Kids Learning: Re’eh 5.4 Debarim (Deuteronomy) 11:26-16:17

Re’eh- Shared Reading
Torah Portions 5.4: Debarim (Deuteronomy) 11:26-16:17

Hebrew Word/Phrase of the Week: Re’eh

Meaning: “See”

The Torah Portion this week is called Re’eh ( ראה), meaning “See”. Moshe presents the people with blessings and curses, reminds us of what things not to eat, what do to about loans after 7 years and more.

Chapter 11 (Continued): This week starts off with Moshe continuing to speak to the children of Yashra’el and setting before them a blessing (berikah) and a curse. A blessing for when they obey the commands and a curse for when they don’t obey the commands and chase after other mighty ones.

Fun Fact: In this chapter, Moshe tells the children of Yashra’el that when they enter the land, they are to bless (barak) Mount Gerizim, and curse Mount Eybal. The scriptures doesn’t go into much detail as to why this happens, but it seems to be mostly accepted by people that Gerizim represents the North, and goodness- and Eybal represents the South, and evil.

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Chapter 12: Then Moshe instructs the people on what they are to do to the other nations high places when they enter the promised land. He starts by telling them that they are to completely destroy all the places where the nations served their mighty ones! They were supposed to break down their alters, smash their pillars and more. And because YHWH is set-apart, they couldn’t build just any place anywhere for YHWH like the nations would do for their mighty ones, but were to seek the place that YHWH chooses. And that’s where they could take all their offerings.

And Moshe reminds the people that when they eat meat to their satisfaction in the land, to never eat the blood, and to guard themselves so that they would not be led astray by the other nations and want to worship like them. Moshe even says that every abomination that YHWH hates, they have done to their mighty ones!

Fun Fact: Why is not eating blood so important? This chapter states that the life is in the blood! Therefore, we are not to eat the blood (life) with the meat.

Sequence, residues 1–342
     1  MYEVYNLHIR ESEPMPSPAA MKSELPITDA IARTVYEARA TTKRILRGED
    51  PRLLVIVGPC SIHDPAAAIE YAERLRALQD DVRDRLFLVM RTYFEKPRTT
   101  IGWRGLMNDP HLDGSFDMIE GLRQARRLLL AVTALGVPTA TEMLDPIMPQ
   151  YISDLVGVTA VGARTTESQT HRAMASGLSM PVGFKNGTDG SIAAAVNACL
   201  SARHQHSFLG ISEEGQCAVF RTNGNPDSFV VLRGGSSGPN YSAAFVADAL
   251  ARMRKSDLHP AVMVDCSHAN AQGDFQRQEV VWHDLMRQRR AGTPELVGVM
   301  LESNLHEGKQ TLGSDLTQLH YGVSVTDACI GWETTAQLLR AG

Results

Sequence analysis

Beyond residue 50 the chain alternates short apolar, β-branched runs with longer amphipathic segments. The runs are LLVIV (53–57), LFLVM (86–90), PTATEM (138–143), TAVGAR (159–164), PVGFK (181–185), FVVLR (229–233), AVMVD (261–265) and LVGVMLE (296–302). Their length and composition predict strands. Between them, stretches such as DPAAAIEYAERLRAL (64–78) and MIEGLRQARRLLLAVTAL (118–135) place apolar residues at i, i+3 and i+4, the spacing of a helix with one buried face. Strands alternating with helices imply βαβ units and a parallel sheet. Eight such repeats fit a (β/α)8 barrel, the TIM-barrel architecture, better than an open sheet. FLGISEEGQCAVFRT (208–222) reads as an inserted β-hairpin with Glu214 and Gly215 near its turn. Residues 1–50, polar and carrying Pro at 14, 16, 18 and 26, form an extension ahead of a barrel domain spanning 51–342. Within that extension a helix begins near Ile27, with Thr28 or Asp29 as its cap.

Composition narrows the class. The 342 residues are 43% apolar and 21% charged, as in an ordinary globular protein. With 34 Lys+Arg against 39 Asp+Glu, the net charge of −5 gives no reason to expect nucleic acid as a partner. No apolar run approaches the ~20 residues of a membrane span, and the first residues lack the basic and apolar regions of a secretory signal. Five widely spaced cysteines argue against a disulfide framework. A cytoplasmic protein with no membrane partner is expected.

Chapter 13: Now when there happened to be a dreamer of dreams that gives a sign or a wonder, and it comes true (but they have tried to get you to follow other mighty ones) – then do not listen to that person’s words! YHWH is trying you to see whether you love him with all your heart! Cling to YHWH, and that dreamer of dreams is to be put to death, because they tried to lead you astray to chase after other mighty ones.

Chapter 14: Next, Moshe reminds the people that they are the children of YHWH! They are to be set-apart, as they are a treasured possession. Of course this meant that they were not to eat whatever was abominable also. So Moshe goes on to list the types of animals they could eat, and then the ones that they couldn’t eat.


Fun Fact: Do you know what animals are clean and unclean?

Here’s a few clean ones: cows, sheep, goats and deer.

A few unclean ones: the camel, the hare, rabbits and pigs.

Bonus Fun Fact: Did you know Moshe said not to eat whatever dies of itself? Interestingly enough though, you can give it to a stranger within your gates for food, and sell it to a foreigner. The children of Yashra’el were to a be set-apart people and they couldn’t eat those things.

Chapter 15: Then at the end of every 7 years the children of Yashra’el were released from their debts. This meant that if a Hebrew loaned something to his neighbor, such as money, he didn’t have to return it after the year of release. Now if it was a foreigner, they could still require to receive it back, but not if the person was a Hebrew. As a nation, they were to be a strong nation- able to lend to many nations, but they were not allowed to borrow from other nations. And Moshe reminds the people to take care of the poor in their land. If a Hebrew were to become a slave of theirs, they were to let them go free in the 7th year and give to them richly from their flock, their grain and their wine.

But why would they have to do this?

Because the children of Yashra’el were told to remember that they themselves were slaves in Mitsrayim and YHWH redeemed them. So unless in the 7th year the slave decided they wanted to stick around and continue to work for them as long as they lived, they were to be released.

Chapter 16: And with this, Moshe told the people to remember the day they came out of Mitsrayim by performing the Passover (Pesach) and eating unleavened bread for 7 days. 3 times throughout the year, all the males were to appear before YHWH in the place YHWH chose. This was for the Festival of Unleavened Bread, the Festival of Weeks, and Festival of Booths.

Want to know more? Join us next time as we continue to read through Debarim (Deuteromony)!